There are more reasons, but these are the major ones and should be addressed beforehand. Firstly, it is indeed difficult to watch some anime titles legally especially if the country’s distributor decided not to allow it to be shown for whatever reason. It’s also unfair to have to wait several months to watch an episode that consumers elsewhere have already watched, as spoilers will impact the enjoyment of the title. Finally, one may be understandably cautious about spending on any shows - especially if it does not live up to its hype. These are all understandable reasons, but there are ways to contribute to the industry if you cannot directly support its creators.
Most obviously, the most direct method is to watch via a legal streaming service, such as Crunchyroll, Hulu, Netflix, Anime-Planet or iFlix. This ensures your money makes it back to the anime studios, as these services pay licensing fees to broadcast anime. TV subscribers can watch Animax, which is offered by Astro satellite TV services, although it may be late. As titles shown on these platforms are usually either made in part or fully backed by the companies owning the platform, this means every penny spent here will be funnelled back to the creators.
“But I can’t afford to pay a monthly subscription fee!”
That’s fine, there are other ways to support your favourite anime studios!
You can buy official merchandise and Blu-ray editions of their anime, which ensure profits return to the studios - as long as they aren’t third-party; fanmade work (doujinshi), while helpful to local artists and creators, do not directly benefit the anime studio - so it’s up to you choose whether you want to support either or both, the latter of which is definitely more ideal.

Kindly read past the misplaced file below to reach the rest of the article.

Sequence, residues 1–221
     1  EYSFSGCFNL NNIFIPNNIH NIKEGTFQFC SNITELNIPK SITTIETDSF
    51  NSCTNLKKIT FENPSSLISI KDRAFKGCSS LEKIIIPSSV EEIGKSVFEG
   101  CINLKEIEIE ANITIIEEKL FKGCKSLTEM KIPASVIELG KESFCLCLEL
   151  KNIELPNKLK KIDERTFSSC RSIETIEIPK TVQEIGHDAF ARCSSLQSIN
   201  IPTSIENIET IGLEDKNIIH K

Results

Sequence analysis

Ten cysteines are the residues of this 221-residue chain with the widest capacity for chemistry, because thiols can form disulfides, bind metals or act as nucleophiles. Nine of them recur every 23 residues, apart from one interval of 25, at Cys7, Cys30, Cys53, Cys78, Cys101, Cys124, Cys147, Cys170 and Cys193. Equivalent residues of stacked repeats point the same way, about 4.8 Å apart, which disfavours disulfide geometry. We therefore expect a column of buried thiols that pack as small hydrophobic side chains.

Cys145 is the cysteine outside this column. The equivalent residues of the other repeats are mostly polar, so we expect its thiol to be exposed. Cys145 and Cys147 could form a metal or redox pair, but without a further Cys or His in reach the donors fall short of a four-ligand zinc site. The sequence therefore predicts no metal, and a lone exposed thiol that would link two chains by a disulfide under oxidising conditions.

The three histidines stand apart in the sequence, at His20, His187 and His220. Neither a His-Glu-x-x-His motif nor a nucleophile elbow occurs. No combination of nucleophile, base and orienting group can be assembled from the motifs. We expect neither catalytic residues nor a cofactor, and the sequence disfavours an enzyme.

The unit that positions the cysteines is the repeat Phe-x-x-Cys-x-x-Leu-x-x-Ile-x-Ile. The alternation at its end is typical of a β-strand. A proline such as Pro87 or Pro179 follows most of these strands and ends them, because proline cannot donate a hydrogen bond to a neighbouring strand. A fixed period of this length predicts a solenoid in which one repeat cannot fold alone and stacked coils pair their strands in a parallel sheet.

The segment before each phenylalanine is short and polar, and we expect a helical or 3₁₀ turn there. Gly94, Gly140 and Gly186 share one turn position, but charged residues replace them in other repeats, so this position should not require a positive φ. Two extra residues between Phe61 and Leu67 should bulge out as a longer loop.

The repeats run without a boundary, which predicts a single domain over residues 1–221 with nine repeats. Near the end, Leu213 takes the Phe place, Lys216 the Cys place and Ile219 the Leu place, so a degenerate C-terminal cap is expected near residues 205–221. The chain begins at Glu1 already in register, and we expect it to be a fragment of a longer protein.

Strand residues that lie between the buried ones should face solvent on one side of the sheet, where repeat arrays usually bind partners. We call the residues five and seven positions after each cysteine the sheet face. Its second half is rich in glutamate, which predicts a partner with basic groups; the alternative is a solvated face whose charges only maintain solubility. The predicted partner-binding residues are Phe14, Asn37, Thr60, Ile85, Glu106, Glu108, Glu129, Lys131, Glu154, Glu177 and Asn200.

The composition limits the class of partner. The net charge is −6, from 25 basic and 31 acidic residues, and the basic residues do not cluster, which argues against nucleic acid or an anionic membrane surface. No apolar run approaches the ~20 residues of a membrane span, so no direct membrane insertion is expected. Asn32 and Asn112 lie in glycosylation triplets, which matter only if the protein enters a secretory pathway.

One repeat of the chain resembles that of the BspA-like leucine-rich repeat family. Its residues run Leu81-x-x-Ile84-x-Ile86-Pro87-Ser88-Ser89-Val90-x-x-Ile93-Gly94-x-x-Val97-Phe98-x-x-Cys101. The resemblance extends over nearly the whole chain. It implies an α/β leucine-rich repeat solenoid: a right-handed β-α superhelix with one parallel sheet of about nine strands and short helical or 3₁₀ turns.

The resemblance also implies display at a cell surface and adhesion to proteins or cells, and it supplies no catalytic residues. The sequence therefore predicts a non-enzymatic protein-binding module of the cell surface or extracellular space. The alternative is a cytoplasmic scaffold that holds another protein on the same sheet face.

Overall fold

Spread the word!
Not only will this ensure more viewers, it will also make the studio more aware of overseas fans, and (hopefully) mean more willingness to license their anime to non-Japanese platforms. As seen in the now-discontinued service Daisuki (the international streaming site managed by Anime Consortium Japan) the studios are definitely aware of the ever expanding foreign market but are understandably cautious of investing too much money and time into such a venture. M.A.G. claims that over 50% of fans in the United States pirate anime, losing as much as 2 trillion yen (approximately 20 billion USD or about RM 79 billion).
“Piracy is almost always a service problem and not a pricing problem. For example, if a pirate offers a product anywhere in the world, 24 x 7, purchasable from the convenience of your personal computer, and the legal provider says the product is region-locked, will come to your country 3 months after the US release, and can only be purchased at a brick and mortar store, then the pirate's service is more valuable.” - Gabe Newell, in an interview with The Cambridge Student, 2011.
Not everything can be solved right now, and reasons people pirate anime extend further than plain penny-pinching. However, as a consumer you can do your part and part with some of your hard-earned money to your favourite studios, so they can keep producing the works you enjoy and pay their employees livable wages. This feed-in cycle could be the turn-around point for anime studios to even one day come to the viewers as shareholders, like how Studio Trigger funded the Little Witch Academia second movie through Kickstarter – and successfully, might we add.